Bob
Hardware: Celestron C6-N w/ Advanced GTmount, Baader MK iii CC, Orion ST-80, Canon 60D (unmodded), Orion SSAG
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Butterfly Maiden
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Re: My optical equipment

#12

Post by Butterfly Maiden »

Thanks Steve.

I think my head is about to explode with all the technical information I'm getting :veryconfused: , which is a good thing, but I need to write down the most important steps and camera settings, then start experimenting from there.

When Moon conditions are right, I'm going to start with my Nikon D60 DSLR camera with the 55-300mm telephoto lens attached. At the moment, Moonrise here is 1.30am, so for it to be high enough to capture it well above the horizon from my home that would usually be around 3am. Being surrounded by trees, I would have to travel from home to a clearer location away from most of the trees.

I don't normally do a lot of stargazing into the early hours of the morning, as I'm too tired by about 11pm, but if the skies are clear enough one night I may make an exception and stay up a bit later :asleep:

Unfortunately, I've come into astronomy as the evenings are getting lighter for longer, and consequently you have to go later into the night to get a good sky view.
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Butterfly Maiden
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Re: My optical equipment

#13

Post by Butterfly Maiden »

Thank you for that Bob 8-)
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Re: My optical equipment

#14

Post by helicon »

Congrats on the 8" scope Vanessa. Looking forward to a first light report when you get it.
-Michael
Various scopes, 10" Zhumell Dob, ES AR152, AWB 5.1" Onesky newt, Oberwerk 25x100 binos, two eyeballs
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Butterfly Maiden
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Re: My optical equipment

#15

Post by Butterfly Maiden »

helicon wrote:
Tue May 12, 2020 2:21 pm
Congrats on the 8" scope Vanessa. Looking forward to a first light report when you get it.
Thank you Michael. I'm getting quite excited now :dance:
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Re: My optical equipment

#16

Post by pakarinen »

I only have an iPhone and an old small digital point and shoot camera, but I recently started playing with lunar photography with and without a telescope. The results have been at best mediocre, but they're giving me incentive to keep trying.

Here's one reference that might be useful and there are many books out there also:

https://www.lightstalking.com/how-to-ph ... -the-moon/
The lamp once out
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The window frame.

~Soseki

Orion ST120, Meade AdventureScope ST80, Skywatcher 90mm Mak
Twilight 1 / Astro Devices encoders / Nexus II / Manfrotto 475B tripod
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Butterfly Maiden
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Re: My optical equipment

#17

Post by Butterfly Maiden »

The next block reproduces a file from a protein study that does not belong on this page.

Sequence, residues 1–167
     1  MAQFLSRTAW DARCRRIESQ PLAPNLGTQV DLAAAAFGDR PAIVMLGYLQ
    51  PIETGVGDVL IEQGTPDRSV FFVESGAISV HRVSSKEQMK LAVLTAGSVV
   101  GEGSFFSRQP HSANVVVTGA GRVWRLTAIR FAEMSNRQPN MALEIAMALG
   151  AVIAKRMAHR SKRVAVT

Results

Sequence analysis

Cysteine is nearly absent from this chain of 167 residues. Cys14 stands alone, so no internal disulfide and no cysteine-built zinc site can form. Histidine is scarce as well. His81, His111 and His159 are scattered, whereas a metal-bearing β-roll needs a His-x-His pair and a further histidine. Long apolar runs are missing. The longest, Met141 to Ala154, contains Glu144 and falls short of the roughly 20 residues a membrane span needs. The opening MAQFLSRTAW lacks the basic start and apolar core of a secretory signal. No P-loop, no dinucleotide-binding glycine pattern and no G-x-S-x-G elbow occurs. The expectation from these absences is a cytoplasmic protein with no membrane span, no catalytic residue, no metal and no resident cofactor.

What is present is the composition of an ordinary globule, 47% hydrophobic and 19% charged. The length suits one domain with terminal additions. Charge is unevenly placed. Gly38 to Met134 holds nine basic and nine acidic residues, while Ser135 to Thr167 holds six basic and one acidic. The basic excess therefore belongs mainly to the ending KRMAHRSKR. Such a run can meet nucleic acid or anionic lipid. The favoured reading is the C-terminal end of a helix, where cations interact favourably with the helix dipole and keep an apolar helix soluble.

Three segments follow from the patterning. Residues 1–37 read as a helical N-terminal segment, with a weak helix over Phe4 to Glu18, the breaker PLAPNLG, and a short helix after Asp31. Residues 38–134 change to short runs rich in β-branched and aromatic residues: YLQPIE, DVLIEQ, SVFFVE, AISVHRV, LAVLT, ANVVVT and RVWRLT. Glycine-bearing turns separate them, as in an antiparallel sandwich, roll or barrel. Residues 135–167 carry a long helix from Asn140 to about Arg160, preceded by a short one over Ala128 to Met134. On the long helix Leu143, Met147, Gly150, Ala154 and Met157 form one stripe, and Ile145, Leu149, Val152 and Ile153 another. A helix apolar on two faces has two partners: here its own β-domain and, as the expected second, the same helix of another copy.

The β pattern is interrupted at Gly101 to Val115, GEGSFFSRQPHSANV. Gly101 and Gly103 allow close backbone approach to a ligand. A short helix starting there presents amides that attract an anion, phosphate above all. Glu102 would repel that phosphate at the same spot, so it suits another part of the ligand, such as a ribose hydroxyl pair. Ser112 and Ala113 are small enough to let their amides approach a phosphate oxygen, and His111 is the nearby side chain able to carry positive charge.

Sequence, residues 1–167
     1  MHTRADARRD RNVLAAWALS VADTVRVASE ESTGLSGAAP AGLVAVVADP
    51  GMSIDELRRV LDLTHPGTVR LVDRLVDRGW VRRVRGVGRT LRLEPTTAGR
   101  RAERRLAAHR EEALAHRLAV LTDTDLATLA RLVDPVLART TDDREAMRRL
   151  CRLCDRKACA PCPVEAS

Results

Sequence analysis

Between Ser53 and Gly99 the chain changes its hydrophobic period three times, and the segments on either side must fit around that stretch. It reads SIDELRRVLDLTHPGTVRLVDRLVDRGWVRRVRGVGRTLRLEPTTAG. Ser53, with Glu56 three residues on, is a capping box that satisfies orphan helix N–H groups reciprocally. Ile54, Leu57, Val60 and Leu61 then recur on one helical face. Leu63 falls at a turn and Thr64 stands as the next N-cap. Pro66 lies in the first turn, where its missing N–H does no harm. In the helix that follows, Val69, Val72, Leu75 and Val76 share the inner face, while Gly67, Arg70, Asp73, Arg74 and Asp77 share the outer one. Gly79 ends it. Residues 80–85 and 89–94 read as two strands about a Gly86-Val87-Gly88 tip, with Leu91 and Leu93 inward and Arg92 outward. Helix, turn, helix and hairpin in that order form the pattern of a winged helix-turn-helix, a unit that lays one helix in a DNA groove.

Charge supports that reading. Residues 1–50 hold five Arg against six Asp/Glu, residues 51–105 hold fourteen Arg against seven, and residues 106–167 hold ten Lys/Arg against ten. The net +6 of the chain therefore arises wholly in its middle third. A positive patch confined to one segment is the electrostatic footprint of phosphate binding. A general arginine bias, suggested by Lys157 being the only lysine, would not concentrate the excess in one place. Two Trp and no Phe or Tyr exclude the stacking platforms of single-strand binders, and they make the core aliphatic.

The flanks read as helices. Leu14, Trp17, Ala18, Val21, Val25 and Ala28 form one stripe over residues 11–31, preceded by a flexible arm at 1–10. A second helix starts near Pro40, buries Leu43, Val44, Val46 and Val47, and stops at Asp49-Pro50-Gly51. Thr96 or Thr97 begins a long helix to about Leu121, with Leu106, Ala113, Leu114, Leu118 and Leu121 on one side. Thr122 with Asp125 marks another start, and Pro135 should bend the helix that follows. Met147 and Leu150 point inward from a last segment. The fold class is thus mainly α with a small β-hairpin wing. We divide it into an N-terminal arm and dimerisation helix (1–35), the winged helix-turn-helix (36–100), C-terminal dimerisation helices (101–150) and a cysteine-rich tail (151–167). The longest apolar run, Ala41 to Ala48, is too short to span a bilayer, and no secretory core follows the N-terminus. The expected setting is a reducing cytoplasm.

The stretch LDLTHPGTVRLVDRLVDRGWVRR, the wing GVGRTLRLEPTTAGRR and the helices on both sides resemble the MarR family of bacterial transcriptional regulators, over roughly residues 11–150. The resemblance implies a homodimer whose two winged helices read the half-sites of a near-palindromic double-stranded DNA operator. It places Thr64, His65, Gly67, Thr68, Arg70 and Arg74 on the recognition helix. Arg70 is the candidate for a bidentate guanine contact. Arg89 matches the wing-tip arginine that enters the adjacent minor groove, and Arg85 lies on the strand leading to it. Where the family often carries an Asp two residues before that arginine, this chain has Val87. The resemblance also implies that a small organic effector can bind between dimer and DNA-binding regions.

pakarinen wrote:
Tue May 12, 2020 4:31 pm
I only have an iPhone and an old small digital point and shoot camera, but I recently started playing with lunar photography with and without a telescope. The results have been at best mediocre, but they're giving me incentive to keep trying.

Here's one reference that might be useful and there are many books out there also:

https://www.lightstalking.com/how-to-ph ... -the-moon/
Great link. :text-thankyouyellow:
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Butterfly Maiden
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Re: My optical equipment

#18

Post by Butterfly Maiden »

I got an email today to say my telescope has been despatched and should arrive on Monday 18 May :Astronomer1: :dance:
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Re: My optical equipment

#19

Post by JayTee »

Congrats Vanessa,

Your scope arrives just in time for the new moon weekend. It is the time all non-moon loving amateurs cherish. A lot of us call the moon the "Evil Orb". But don't let my bias sway into our camp, you will arrive there naturally over time! :lol: :cool:

Cheers,
JT
∞ Scopes: Celestron CPC1100 #2 Scope: 8" f/7.5 Dob AP Scopes: TPO 6" f/9 RC, ES 80mm f/6 APO G&G Scopes: Meade 102mm f/7.8, Bresser 102mm f/4.5 Guide Scopes: 70 & 80mm fracs
∞ Mounts: iOptron CEM60, Celestron AVX, SLT & GT (Alt-Az), Meade DS2000
∞ Cameras: Canon T3i (x2), ZWO ASI294MC Pro & 120MC, Orion SSAG
∞ Binos: 10X50,10.5X70,15X70², 25X100
∞ EPs: ES: 21 100°, 30 82° X-Cels: 9, 12, 18, 25 GSO:15,20
Home Wx (click)

I never met a scope I didn't want to keep. "My God, it's full of stars." Searching the skies since 1966!
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Butterfly Maiden
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Re: My optical equipment

#20

Post by Butterfly Maiden »

My telescope arrived at 8.30am today via FedEx :dance:

We checked that all the parts were there first (which they were), then made a start of putting it together.

All the screws for the wooden supporting base have Allen heads, and out of the sixteen screws there was one that just wouldn't go in fully. There was about half an inch sticking out and the Allen key was starting to lose its grip on the head and it wouldn't turn any more. There were no spare screws to use either.

Fortunately, one of our neighbours came to the rescue, which was just as well, as he had to get his drill out and make the hole a bit wider. The screw then went in quite easily. We thanked him, and we were able to finish putting the other bits together ourselves after that.

The only thing left to do is set up the focusing of the finder scope. The instructions suggest doing it in daylight at an object about 500 yards away.
It's quite windy here at the moment, so I think we'll wait until it's a lot calmer before attempting that procedure.

No doubt I'll be having a few questions about using it when the time is right :roll:
Vanessa